Understand Procrastination Can Also Make You Work Harder
In the last chapter, you learned that procrastination makes you work slower, leading to you getting less done than you could in a set amount of time. You also learned that procrastination will likely lead to lower-quality work being done. However, procrastination doesn’t just make you work slower; it also makes you work harder as well.
Procrastination will make you work harder because procrastinating means taking longer than is necessary with a set task in order to avoid doing another required task to achieve the main goal you want to achieve. You procrastinate in order to avoid something that you perceive to be unpleasant and that you want to avoid.
As discussed in the last chapter, you’ll spend more time on an enjoyable task because you want to avoid a less enjoyable task as much as possible. The problem with this approach is, the more time you spend on the enjoyable task, the less time you have to work on the less enjoyable task you’re trying to avoid.
To compensate for the lost time, you will have to do one of two things:
- You’ll have to work faster (and harder) on the less enjoyable task to stay on schedule.
- You’ll have to give yourself more time to complete the less enjoyable task to put the required amount of effort and work in to do the task well, leading to a delay in the overall project.
If you choose option two, you’ll delay the overall project, which can impact your profits, your reputation, and more. Thus, option two is an option you really cannot afford to make, leaving you with option one: Working faster and harder to make up for your procrastination.
We discussed in the last chapter why working slower can have detrimental effects on your work. It can cause you to have to speed up the rest of your work, which can lead to producing lower-quality work. This is especially true since you will be doing faster work on a task or part of a project you were trying to avoid in the first place through procrastination.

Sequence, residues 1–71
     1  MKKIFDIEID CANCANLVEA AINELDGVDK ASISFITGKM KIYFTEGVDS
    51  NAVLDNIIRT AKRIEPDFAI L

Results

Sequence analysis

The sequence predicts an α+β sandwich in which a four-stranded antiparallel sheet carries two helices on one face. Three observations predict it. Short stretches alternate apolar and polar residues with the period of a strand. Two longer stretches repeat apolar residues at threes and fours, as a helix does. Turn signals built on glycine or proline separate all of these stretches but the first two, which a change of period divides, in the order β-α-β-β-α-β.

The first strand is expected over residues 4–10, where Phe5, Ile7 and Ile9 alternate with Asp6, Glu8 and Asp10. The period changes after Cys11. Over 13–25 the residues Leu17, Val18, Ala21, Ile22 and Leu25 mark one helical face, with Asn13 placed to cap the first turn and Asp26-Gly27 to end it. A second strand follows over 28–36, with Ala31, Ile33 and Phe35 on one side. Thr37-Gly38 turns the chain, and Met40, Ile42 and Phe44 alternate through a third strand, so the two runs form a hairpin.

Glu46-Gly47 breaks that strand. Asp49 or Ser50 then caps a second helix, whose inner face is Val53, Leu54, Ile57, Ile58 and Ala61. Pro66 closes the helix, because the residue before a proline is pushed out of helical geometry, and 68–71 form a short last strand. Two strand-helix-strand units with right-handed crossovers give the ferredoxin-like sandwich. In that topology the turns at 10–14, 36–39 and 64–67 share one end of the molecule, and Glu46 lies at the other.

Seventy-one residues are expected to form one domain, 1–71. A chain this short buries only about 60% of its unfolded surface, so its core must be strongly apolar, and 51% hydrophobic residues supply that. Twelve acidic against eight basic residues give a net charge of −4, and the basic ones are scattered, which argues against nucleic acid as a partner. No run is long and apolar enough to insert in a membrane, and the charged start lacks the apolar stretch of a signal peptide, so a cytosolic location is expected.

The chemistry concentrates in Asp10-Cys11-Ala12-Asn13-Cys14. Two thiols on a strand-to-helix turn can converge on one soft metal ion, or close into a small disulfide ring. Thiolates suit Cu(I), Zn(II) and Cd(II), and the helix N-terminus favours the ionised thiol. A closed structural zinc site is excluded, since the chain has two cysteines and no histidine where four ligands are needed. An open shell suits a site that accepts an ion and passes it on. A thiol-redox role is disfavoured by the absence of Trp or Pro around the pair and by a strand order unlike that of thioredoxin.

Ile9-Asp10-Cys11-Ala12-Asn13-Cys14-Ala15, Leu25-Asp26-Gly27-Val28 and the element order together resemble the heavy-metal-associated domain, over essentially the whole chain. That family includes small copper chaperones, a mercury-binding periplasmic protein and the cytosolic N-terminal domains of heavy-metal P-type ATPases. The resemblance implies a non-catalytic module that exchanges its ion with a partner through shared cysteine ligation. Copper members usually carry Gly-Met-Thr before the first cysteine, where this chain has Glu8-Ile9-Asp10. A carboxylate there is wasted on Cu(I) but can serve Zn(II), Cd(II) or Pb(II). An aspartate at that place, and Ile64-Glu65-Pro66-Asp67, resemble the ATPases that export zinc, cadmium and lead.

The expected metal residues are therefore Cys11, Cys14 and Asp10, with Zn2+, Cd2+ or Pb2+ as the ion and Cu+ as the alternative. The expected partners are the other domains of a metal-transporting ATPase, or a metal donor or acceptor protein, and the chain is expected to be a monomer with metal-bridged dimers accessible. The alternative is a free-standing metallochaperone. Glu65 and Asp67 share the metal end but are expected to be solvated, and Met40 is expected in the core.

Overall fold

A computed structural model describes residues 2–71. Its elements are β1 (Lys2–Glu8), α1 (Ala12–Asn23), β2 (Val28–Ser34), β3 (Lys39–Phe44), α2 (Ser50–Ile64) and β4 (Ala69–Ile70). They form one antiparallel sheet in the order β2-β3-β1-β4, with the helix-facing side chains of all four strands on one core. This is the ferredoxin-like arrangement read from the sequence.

In addition, you will have to work harder in order to complete the project you are working on in the allotted time for the project. That is because you will have to extensively focus on completing the task you were avoiding because you have a very strict time limit to complete it in or suffer damage to your credibility, reputation, and profitability. There is no margin for error now- any mistake or slip-up by you now will lead to lost credibility, a damaged reputation, and a reduction in profits because you will not hold true to your word when you would have a project completed.
If you’re an Internet marketer and announced that you would release your next product on a certain date, but don’t, the damage to your credibility will last for a very long time. The consequences would likely include other Internet marketers not wanting to work with you on joint ventures because they’ll see you as unreliable. You’ll also lose credibility with customers and potential customers because they will see you as untrustworthy because you said your new product would be on a specific date, then wasn’t. They’ll always have doubt in their minds when it comes to you telling them something, questioning whether they can believe you or not. That is certainly not good for building up a relationship with them and having them purchase your products and/or services.
Therefore, you have to do everything you can to stay on the planned or announced schedule you have and finish your project in time so you can stay on that schedule. This means that you have to make up for the time you lost procrastinating, which means you’ll have to work harder to make up for that lost time.
Working harder means you won’t be able to take regular breaks throughout the rest of the time you work on your task or project, which can hamper your focus and cause you to make more errors, something you really can’t afford to do because you’re not on a very strict time limit. Additionally, the work will be more draining to you because you really can’t take any meaningful breaks because of the limited time that remains to complete the work.
This is why procrastination is something you have to avoid at virtually all costs; it will only cause you to work harder and produce lower-quality work. Therefore, procrastination doesn’t allow you to escape or avoid the work you want to avoid; on the contrary, you’ll have to focus even harder and do even more challenging work to complete it.
In the next chapter, you will learn why doubting your own abilities is a reason why many people procrastinate and cause them to work at a slower pace, which makes them less efficient and productive than they can be.